Hospital systems interested in mining text documents for medical knowledge that can improve the quality of care should consider using natural language processing (NLP). The text analysis technique allows computers to derive meaning from medical records, which can then be interpreted by clinicians and quality control experts. That makes it possible to track care quality at the levels of individual providers, service lines and healthcare systems.
"There is a vast quantity of medical knowledge in text documents. Employing natural language processing, a linguistic technique using sophisticated software to extract meaning from spoken or written language, allows the computer to 'understand' medical records in ways that were not possible previously," said Dr. Timothy Imler, a gastroenterologist and informatician. Dr. Imler is an investigator at the Regenstrief Institute’s Center for Biomedical Informatics and an assistant professor of medicine in the Division of Gastroenterology and Hepatology at Indiana University School of Medicine.
On 14 April, Dr. Imler will speak at the 2015 Healthcare Information and Management Systems Society’s (HIMSS) Conference and Exhibition. His presentation, “Quality Monitoring Utilising Natural Language Processing”, will explore the ways in which NLP can improve care. The event attracts thousands of leaders in the health information technology, healthcare, government, industry and public health sectors.
One example of the role of NLP in healthcare quality control comes from gastroenterology. Dr. Imler recently published a study on the impact of NLP on colonoscopy, which involved multiple centres. The report includes completeness and quality of reporting, and recommendations for the surveillance level.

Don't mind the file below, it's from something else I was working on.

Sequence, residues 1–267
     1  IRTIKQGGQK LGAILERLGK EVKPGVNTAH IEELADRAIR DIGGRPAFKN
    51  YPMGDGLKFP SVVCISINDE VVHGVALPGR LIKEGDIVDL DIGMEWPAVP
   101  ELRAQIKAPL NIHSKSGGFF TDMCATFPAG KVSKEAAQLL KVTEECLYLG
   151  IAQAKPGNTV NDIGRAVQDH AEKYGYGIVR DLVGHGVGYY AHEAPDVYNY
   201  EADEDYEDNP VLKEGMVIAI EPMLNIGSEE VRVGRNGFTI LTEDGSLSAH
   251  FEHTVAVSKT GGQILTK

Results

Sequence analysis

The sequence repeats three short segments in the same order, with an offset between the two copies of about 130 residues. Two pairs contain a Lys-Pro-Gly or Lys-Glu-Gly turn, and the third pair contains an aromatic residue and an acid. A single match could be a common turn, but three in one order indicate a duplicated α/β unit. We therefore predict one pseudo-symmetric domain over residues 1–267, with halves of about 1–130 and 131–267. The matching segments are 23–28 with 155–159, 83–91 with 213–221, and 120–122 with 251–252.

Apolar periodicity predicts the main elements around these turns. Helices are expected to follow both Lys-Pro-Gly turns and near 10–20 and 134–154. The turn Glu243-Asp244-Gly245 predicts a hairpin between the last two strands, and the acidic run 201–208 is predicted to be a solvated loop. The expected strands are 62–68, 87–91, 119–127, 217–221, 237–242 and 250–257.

"Text documents have historically been black boxes to researchers and quality experts, because they had to be laboriously evaluated by hand, one at a time," said Dr. Imler. "With natural language processing we can utilise mountains of data we already have to improve care and, as appropriate, provide information to those who need it including physicians, payers and accountable care organisations.
"We want access to the treasure trove of information contained in narratives and we have already accomplished that in Indiana through the Indiana Network for Patient Care, developed by the Regenstrief Institute and now supported by the Indiana Health Information Exchange,” he continued. The Indiana Network for Patient Care has more than 90 million documents that contain narratives on 3.3 million patients.
Most hospitals do not yet use NLP, Dr. Imler says, but since there is a negligible cost difference in processing one text field and a million, the deficiency can be corrected with a focus on expertise over additional expenses.
Source: Indiana University
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